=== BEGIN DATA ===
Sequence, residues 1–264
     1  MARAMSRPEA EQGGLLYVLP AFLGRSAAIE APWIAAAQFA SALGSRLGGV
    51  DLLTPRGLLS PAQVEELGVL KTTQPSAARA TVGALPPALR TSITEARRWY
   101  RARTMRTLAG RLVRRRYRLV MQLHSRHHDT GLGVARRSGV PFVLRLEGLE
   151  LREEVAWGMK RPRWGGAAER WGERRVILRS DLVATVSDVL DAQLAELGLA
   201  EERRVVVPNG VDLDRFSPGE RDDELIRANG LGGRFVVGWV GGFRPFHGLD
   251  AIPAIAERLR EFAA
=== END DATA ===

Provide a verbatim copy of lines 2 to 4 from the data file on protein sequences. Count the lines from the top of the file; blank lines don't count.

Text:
     1  MARAMSRPEA EQGGLLYVLP AFLGRSAAIE APWIAAAQFA SALGSRLGGV
    51  DLLTPRGLLS PAQVEELGVL KTTQPSAARA TVGALPPALR TSITEARRWY
   101  RARTMRTLAG RLVRRRYRLV MQLHSRHHDT GLGVARRSGV PFVLRLEGLE